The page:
By Jaime Lees
By Roy Kasten
By Melinda Cooper
By Jeremy Essig
By Roy Kasten
By Daniel Hill
By Chris Kornelis
By Gina Tron
When B-Sides finally reaches Stella, the girlfriend, gatekeeper and muse for legendary Mississippi bluesman T-Model Ford, the phone line crackles with noise and the sound of children shouting all around her. "Children from down the street hunting freeze pops," Ford explains when he picks up. It's a hot day in Greenville, Mississippi, but Ford's spirits are high. Depending on whom you ask, he's anywhere between 84 and 88 years old, and he's about to hit the road again with the band Gravelroad, a summer tour that the pacemaker in his chest should make unthinkable.
But the Taildragger, as he's known, doesn't think much about the blues. He just grinds the songs out with a low-down, amped-up, ornery and mean propulsion that makes a mule kicking in a stall sound like Bach. Ford won't be around forever, but the force of his sound is deathless, and he gave B-Sides a hint of what makes a true bluesman tick.
B-Sides: How's your health these days?
T-Model Ford: Just come from the hospital. Had my checkup. Be 'bout three, four months before I have to go back.
Are you still wearing that pacemaker?
Yeah, man. I'm all right. I ain't suffering.
You came to the blues late in life. Before that, you worked some hard jobs.
I worked on the sawmill, drove tractors, cut logs, drove blind mules.
What's harder? Driving mules or playing the blues?
It didn't start me to doing that. My fourth wife bought me a guitar and amplifier. I came in, and she said, 'You see a present?' [I said] Nah, I don't. 'It's behind the bed.' After she spent my money on something like that, I told her old as I was, I couldn't play no guitar. She said, 'You can learn.' And so right there, I became a bad guitar player.
Do you still have that guitar?
Nah, I give it to my boys. They don't know what to do with it. But I got some good guitars now.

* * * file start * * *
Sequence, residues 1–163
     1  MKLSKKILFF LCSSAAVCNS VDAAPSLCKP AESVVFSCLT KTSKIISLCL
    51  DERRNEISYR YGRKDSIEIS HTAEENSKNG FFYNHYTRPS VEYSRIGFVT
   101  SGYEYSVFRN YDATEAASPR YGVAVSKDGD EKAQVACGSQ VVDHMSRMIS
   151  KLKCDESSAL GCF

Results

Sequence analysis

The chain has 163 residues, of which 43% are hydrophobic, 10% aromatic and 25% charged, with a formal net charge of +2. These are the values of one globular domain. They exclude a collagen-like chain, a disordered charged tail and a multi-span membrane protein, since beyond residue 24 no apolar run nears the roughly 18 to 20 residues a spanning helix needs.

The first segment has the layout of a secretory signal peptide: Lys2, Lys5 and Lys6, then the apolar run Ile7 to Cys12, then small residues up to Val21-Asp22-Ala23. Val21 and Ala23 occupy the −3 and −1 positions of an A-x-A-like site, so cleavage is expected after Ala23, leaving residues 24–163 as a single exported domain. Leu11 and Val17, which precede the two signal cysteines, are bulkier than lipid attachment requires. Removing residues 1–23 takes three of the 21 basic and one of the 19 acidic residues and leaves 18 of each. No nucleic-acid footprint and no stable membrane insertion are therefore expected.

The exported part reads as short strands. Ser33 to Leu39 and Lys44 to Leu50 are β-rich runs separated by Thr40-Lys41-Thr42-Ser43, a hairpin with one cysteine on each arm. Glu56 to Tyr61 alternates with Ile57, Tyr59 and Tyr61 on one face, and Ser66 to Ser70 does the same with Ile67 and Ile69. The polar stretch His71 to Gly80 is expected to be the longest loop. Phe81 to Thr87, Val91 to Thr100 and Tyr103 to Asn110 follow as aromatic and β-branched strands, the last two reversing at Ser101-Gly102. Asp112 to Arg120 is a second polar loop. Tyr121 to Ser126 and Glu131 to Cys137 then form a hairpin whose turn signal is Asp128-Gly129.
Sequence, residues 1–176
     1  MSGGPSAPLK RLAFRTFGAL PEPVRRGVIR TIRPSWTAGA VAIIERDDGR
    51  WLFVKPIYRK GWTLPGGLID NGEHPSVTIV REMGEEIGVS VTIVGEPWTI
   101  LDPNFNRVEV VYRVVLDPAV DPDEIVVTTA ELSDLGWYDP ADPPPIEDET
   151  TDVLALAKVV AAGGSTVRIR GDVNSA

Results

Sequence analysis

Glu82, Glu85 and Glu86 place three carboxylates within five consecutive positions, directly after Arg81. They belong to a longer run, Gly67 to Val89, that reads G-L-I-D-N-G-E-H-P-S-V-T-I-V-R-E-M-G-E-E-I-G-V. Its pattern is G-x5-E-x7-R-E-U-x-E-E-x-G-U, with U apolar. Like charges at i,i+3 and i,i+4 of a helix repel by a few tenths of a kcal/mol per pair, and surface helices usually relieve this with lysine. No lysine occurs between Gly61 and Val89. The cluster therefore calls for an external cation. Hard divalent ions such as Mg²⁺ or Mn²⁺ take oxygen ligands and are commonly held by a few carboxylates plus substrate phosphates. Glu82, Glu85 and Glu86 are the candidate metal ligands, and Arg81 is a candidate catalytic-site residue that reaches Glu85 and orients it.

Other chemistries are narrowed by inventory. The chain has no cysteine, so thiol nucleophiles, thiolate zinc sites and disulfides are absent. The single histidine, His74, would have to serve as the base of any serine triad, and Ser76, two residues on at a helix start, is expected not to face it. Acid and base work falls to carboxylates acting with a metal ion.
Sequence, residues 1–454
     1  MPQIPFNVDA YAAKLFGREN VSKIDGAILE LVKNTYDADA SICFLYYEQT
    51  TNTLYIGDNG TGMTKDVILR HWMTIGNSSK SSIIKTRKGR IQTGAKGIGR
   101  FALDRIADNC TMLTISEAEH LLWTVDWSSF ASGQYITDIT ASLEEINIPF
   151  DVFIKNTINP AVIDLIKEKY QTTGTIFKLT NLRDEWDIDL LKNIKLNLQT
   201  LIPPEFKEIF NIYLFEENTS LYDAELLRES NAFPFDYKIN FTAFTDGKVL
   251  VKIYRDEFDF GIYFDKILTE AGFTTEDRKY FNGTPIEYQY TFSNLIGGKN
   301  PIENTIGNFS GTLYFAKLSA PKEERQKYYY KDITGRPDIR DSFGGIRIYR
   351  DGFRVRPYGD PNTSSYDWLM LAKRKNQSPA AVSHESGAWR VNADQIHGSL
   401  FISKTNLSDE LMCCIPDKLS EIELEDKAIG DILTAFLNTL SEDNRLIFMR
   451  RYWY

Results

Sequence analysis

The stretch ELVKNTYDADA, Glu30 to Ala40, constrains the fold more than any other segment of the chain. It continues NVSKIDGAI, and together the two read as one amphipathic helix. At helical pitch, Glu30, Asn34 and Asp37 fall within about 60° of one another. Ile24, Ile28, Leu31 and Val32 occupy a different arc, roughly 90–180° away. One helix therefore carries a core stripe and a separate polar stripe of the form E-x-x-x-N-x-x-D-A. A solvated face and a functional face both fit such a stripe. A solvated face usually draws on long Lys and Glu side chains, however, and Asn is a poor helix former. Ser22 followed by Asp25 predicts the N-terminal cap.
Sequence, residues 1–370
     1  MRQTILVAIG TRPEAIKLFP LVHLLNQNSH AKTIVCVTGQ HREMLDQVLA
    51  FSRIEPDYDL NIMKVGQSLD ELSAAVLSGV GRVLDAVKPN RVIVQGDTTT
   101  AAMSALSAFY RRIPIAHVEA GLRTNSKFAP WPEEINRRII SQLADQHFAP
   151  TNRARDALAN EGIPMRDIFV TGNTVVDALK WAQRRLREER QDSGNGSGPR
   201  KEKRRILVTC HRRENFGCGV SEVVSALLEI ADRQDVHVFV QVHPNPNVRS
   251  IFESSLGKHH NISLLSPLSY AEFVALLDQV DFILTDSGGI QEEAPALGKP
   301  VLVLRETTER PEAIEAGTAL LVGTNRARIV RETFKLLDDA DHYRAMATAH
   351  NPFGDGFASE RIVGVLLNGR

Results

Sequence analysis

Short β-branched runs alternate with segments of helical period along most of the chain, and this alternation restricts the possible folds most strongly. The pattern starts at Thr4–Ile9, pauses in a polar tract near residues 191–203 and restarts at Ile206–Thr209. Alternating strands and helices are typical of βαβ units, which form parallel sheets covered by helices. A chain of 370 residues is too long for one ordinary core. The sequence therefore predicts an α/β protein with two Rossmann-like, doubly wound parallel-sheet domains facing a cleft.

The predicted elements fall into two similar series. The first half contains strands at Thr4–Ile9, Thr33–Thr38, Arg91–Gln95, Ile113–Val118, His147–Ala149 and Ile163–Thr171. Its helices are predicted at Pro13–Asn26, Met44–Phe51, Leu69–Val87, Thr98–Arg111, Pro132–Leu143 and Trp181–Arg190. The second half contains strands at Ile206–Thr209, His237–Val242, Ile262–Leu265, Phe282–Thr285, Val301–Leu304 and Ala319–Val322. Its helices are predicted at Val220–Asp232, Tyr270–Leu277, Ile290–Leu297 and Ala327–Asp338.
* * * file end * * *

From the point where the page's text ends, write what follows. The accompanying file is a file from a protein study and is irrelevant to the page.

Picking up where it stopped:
You were never interested in the guitar before you were in your 50s?
Never put my hand on a guitar before that. Didn't have nothing like that in my mind. But I did hear Muddy Waters and Howlin' Wolf in my young days, and I never forgot the sound they had. And when I started to play, that's who I followed.
You were friends with R.L. Burnside.
But I learnt to play before I met him. He was all right. He got to drinkin' a whole lot. He messed up a couple of shows. It got where they didn't call him to come back and play. I never messed up any shows. I'm still like I was when I learned.
Your last record, Jack Daniel Time, sounds real good. Do you just go in and record, or do you write the songs down?
Nah, I just go in. I get the first verse, and I make 'em on up.
How do you remember them?
It's easy! It's easy for you if you want to learn!
It has to be hard for a drummer to follow.
Nah, it ain't hard. I got my little grandboy beating drums behind me now. I call him "Stud." The white people like him. They crazy about him.
How many kids do you have?
They tell me 26. I don't know. I'm going by what they sayin'.
Do you still play out on the streets in Greenville?
When they got some money to give me. I can't play for nothing now no more.
You're a legend, T-Model. What's the biggest misunderstanding about you?
It's all good, far as I know.
You sound really nice on the phone, but you have a reputation for a mean streak.
Yeah. I got a reputation now!